At a time when so many people in positions of power are working so hard to revise history and gaslight the general public, every voice that speaks to the truth of the powerless, to the disparity of treatment toward people of different colors or religions, and to the suffering of the innocent is a voice we heed. Angela Polite’s is one of those voices, and her (mostly) one-woman show, Mary Speaks, looks back through generations of black women, and tells their combined stories as a parallel to the life of Mary, mother of Jesus. With music and lyrics of her own creation, it’s a heartfelt portrayal of how mothers and grandmothers have struggled over the last 150 years to try to make their children safe in a hostile country that still claims it’s free and equal.
Mary Speaks began as an assignment by Polite’s pastor, Reverend Henry A. Belin III of the First AME Bethel Church in Harlem. It has grown into a moving series of stories about black mothers and sons, the love and history that bonds them, and the fears and dangers that often beset them.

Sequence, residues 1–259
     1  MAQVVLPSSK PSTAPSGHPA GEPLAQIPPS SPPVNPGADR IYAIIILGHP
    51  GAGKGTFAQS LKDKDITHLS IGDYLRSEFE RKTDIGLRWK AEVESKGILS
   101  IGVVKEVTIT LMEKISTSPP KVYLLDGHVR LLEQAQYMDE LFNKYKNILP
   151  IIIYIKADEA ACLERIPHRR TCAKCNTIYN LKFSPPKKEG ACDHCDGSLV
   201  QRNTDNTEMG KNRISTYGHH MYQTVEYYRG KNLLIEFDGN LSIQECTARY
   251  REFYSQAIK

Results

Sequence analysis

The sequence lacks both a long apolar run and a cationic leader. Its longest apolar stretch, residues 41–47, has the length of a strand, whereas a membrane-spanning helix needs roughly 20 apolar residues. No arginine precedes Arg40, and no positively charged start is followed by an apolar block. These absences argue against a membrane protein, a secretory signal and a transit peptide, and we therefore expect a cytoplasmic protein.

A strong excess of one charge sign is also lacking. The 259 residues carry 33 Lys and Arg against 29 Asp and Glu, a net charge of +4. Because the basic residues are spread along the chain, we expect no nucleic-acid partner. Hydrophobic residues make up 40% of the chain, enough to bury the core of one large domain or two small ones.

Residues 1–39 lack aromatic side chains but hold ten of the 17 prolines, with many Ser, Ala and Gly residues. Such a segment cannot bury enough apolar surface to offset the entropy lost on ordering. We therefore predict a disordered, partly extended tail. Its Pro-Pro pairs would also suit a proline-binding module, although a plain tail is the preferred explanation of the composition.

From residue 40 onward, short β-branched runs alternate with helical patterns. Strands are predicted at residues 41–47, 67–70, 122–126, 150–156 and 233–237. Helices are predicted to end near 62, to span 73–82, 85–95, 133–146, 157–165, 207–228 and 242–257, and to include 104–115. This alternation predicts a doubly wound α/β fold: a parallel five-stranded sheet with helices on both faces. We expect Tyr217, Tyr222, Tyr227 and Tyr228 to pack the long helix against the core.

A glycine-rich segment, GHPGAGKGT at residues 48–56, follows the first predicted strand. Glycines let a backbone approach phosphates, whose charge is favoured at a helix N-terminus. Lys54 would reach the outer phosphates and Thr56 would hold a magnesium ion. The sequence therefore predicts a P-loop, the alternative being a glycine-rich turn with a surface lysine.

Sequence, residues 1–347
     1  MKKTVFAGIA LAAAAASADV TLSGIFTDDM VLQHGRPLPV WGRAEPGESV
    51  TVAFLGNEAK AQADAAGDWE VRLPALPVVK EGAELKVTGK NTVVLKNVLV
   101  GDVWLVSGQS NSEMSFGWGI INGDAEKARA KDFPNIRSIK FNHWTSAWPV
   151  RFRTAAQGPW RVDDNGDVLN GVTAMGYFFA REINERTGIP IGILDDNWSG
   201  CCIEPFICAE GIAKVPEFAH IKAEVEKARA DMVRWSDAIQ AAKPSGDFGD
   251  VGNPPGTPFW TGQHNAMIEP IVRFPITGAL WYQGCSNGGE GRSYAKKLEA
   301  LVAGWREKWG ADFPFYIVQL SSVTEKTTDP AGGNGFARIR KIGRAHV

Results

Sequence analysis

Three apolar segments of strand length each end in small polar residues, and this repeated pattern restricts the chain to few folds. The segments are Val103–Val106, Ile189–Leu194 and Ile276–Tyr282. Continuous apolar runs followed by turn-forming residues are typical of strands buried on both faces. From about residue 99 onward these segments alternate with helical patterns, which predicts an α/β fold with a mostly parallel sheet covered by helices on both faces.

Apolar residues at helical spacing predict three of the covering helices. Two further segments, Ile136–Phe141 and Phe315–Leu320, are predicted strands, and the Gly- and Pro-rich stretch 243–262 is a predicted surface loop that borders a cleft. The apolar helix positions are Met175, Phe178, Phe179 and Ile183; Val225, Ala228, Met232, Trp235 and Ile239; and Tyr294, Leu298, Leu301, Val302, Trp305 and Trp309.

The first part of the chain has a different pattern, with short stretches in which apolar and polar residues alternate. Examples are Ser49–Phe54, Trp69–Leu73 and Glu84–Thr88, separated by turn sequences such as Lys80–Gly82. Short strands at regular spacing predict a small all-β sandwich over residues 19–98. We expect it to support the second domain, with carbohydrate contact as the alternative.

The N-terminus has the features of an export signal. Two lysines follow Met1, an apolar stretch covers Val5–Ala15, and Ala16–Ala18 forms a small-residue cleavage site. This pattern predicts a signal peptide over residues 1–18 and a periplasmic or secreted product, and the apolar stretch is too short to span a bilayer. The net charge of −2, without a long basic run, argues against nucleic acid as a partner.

The production is stripped down. Polite doesn’t have flashy props or much in the way of a set. It’s mostly about her body and her voice, which changes dramatically to suit whichever of the many characters she portrays throughout. She also has an accompanist, Christopher Burris, also her director, who plays the music she has written as she sings the lyrics she wrote. It’s a small production, but Polite’s performance is fully from the heart.
The vignettes are also extremely relevant. From the slave auction to the modern mother concerned that her playful son will end up imprisoned for his cheek (or, more terrifying, at the end of a rope, as was the sad end for the wrongly accused and lynched Emmett Till) these stories resonate. There is no one American experience, but certain Americans have experienced much harder times than others.